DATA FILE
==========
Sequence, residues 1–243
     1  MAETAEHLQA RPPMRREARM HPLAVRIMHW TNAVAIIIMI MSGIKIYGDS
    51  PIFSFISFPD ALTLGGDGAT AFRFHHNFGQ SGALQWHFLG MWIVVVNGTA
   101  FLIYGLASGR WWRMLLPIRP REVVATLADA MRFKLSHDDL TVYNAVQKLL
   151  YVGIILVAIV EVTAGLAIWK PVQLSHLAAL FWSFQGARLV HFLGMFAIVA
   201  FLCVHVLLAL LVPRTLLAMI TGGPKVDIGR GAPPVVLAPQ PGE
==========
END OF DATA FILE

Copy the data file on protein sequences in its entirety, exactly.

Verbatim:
Sequence, residues 1–243
     1  MAETAEHLQA RPPMRREARM HPLAVRIMHW TNAVAIIIMI MSGIKIYGDS
    51  PIFSFISFPD ALTLGGDGAT AFRFHHNFGQ SGALQWHFLG MWIVVVNGTA
   101  FLIYGLASGR WWRMLLPIRP REVVATLADA MRFKLSHDDL TVYNAVQKLL
   151  YVGIILVAIV EVTAGLAIWK PVQLSHLAAL FWSFQGARLV HFLGMFAIVA
   201  FLCVHVLLAL LVPRTLLAMI TGGPKVDIGR GAPPVVLAPQ PGE